Policy or custom
Five types of policies or customs are actionable under Section 1983: (1) an officially
promulgated policy such as a city ordinance; (2) an informal custom amounting to a widespread
practice; (3) the decisions of employees with final policymaking authority; (4) the ratification by
final policymakers of the decisions of their subordinates; (5) the failure to adequately train or
supervise employees. See Schneider v. City of Grand Junction Police Dep't, 717 F.3d 760, 769
(10th Cir. 2013). In this case, Hartman does not allege any facts to support a cognizable policy
Although Hartman makes the legal conclusion that Officer Lopez is a final decision
maker, the case law does not support such a theory here—where an officer simply exercises his
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discretion and authority to arrest and charge an individual. See Pembaur v. City of Cincinnati,
475 U.S. 469, 481 (1986). By contrast, a final decision maker “possesses final authority to
establish municipal policy,” which often derives from “legislative enactment or may be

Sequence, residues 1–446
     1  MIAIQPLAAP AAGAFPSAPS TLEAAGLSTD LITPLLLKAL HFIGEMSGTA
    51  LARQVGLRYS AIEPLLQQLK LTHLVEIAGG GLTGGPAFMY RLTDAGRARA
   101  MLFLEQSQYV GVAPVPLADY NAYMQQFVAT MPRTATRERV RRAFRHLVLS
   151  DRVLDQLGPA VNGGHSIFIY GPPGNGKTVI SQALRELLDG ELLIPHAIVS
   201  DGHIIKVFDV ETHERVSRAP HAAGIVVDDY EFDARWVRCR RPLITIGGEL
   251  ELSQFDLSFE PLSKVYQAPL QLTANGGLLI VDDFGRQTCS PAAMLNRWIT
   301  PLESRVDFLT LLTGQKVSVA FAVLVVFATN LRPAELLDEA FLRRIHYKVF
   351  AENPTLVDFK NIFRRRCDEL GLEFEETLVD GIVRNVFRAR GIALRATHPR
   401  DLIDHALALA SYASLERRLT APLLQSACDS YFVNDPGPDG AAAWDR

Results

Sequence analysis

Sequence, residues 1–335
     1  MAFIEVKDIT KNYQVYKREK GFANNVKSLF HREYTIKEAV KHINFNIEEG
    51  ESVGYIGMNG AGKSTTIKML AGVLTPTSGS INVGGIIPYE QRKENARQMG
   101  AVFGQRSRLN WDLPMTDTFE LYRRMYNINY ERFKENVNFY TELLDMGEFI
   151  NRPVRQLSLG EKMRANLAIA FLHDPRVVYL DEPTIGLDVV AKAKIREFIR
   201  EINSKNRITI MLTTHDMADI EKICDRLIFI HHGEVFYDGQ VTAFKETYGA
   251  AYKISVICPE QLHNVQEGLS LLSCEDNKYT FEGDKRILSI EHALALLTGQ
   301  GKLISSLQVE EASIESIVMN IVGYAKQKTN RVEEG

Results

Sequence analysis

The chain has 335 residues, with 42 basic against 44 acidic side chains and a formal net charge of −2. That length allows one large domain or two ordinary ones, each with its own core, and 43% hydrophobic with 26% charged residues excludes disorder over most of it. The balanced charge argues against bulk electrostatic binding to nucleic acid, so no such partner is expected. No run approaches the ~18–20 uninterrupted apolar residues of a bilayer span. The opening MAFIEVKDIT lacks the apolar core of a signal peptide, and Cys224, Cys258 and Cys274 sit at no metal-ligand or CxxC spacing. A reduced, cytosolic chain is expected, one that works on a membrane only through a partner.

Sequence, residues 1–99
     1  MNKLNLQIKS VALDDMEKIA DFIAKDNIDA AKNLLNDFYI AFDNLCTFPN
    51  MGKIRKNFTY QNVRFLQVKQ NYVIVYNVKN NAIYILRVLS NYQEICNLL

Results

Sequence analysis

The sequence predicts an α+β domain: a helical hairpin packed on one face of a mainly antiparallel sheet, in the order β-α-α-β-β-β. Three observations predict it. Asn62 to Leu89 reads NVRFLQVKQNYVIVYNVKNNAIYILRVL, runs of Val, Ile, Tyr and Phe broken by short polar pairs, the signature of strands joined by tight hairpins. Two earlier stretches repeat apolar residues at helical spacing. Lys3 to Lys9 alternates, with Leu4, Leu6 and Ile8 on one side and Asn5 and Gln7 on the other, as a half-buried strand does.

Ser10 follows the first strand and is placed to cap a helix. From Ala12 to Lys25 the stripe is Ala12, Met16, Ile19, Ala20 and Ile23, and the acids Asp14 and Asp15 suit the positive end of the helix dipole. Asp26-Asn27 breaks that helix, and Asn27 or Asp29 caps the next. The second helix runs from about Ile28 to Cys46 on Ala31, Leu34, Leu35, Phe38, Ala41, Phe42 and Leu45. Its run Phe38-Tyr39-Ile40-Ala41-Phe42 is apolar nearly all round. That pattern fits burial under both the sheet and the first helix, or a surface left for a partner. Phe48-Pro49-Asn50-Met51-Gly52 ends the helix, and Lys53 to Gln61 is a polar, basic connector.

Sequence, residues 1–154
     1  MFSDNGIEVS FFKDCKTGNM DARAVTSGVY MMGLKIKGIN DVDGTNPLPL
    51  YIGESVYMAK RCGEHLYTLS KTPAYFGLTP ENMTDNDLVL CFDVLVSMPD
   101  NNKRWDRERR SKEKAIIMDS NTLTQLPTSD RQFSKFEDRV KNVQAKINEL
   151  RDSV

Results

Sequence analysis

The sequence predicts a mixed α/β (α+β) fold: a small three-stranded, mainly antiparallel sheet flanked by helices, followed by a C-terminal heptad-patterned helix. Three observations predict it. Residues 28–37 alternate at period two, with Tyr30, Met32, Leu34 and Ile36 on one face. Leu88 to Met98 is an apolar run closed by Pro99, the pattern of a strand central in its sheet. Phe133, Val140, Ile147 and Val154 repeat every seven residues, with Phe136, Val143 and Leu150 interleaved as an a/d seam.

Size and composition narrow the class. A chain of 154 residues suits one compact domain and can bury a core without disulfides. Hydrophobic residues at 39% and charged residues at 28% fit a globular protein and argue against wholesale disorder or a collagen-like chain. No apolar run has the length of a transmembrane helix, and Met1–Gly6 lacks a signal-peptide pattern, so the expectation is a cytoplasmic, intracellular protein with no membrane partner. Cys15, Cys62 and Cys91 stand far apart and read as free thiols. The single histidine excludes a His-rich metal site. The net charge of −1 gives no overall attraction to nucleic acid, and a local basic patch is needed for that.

delegated by an official who possesses such authority” Id. The amended complaint does not
contain facts or reasonable inferences that Officer Lopez is a high ranking official or enjoys a
delegation of ultimate power to establish formal police department policy. The Court therefore
concludes that Hartman does not state a plausible cause of action for municipal liability. Having
been placed on notice of the deficiency with his cause of action against the City and having not
remedied it, the Court determines that the appropriate course of action is dismissal of this claim.
For the reasons stated above, Hartman pleads a plausible claim against Officer Lopez, but
not against the City.
IT IS, THEREFORE, ORDERED that Defendants’ motion to dismiss (Doc. 18) is
GRANTED IN PART and DENIED IN PART. Plaintiff’s claims against the City are
DISMISSED WITH PREJUDICE but the cause of action against Officer Lopez may proceed.
KEVIN R. SWEAZEA
UNITED STATES MAGISTRATE JUDGE
Presiding by Consent